Today I go for a distance run. The weather is cool, perhaps 70 degrees F in a light breeze and sunshine. Following the road to Point Dick, the terminus with the sea, the laterite track opens out to savannas, then passes through several bands of forest, follows a stream, finally picking up the cooling sea-breeze on its approach to the ocean. Passing through one of the forest fragments I am surprised by an explosion of leaves in the ditch. A monitor lizard scuttles for cover. It is a large adult, nearly 1.5 metres in length. A flash of tongue, the glint of an eye, the dappled sun reflects a dull glow from its scaly, dove-gray hide as it retreats into the forest. My adrenaline burst subsides.
Approaching the sea, faint elephant tracks from the past weekend follow the roadway through the scrub forest. Dust has softened the edges of the prints. The tracks mix with those of a mongoose, several monkeys, and other monitor lizards. One of the local Gabonese is fishing with a pole fashioned from the spine of a palm frond, flipping a short line out into an open stretch of brackish lagoon bordered by mangroves, the float a simple chunk of pith. The fish are tiny here, tilapia, cyclids, little mud-skippers that slop through the shallows to cover.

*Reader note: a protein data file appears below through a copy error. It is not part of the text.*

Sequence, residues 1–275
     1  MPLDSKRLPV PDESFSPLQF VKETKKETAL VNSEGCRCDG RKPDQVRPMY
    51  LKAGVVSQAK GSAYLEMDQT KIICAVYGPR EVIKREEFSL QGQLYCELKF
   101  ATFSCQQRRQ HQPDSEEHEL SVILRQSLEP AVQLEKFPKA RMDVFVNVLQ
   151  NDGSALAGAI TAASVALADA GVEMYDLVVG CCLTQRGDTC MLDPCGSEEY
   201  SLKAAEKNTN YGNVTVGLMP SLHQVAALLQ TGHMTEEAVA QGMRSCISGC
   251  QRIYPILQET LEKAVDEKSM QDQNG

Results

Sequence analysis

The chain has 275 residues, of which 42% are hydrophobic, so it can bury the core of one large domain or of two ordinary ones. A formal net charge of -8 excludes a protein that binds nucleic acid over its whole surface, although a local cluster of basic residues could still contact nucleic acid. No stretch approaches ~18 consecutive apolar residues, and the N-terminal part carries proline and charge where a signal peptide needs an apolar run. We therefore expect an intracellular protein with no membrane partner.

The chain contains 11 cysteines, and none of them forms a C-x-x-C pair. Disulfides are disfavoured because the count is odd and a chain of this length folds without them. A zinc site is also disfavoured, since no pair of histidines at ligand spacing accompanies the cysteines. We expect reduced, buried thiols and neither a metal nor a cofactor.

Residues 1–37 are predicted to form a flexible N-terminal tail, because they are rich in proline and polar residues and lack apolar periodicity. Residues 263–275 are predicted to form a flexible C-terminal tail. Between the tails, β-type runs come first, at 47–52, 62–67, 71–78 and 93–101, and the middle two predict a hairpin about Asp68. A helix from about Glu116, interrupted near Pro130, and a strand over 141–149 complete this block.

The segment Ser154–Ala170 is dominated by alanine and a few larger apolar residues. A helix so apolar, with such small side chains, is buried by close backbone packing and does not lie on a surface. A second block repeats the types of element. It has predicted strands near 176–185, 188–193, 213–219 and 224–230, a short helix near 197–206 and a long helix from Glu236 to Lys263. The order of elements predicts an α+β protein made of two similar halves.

Breaking out of the scrub, the light is suddenly intense, reflecting the tumbling surf and sand, the smell of the sea invigorating. I’m not so much a beach person. It’s too busy, the waves crashing, salt in the air, sand in everything. The roar of the sea makes it hard to think. Of anything but the sea. I turn back to the shelter of the forest. The forest is more like the canyons that I hike in Utah. The walls close in, and I feel like I am part of the environment rather than being buffeted by the environment. In the forest, like the canyons, I feel like I am entering into a symbiosis. If something happens in the forest, I am directly affected, rather than just observing. I need to react to events in the forest. I’m not attracted to mountains for the same reason I’m not attracted to the sea. Too much environment that is unattainable.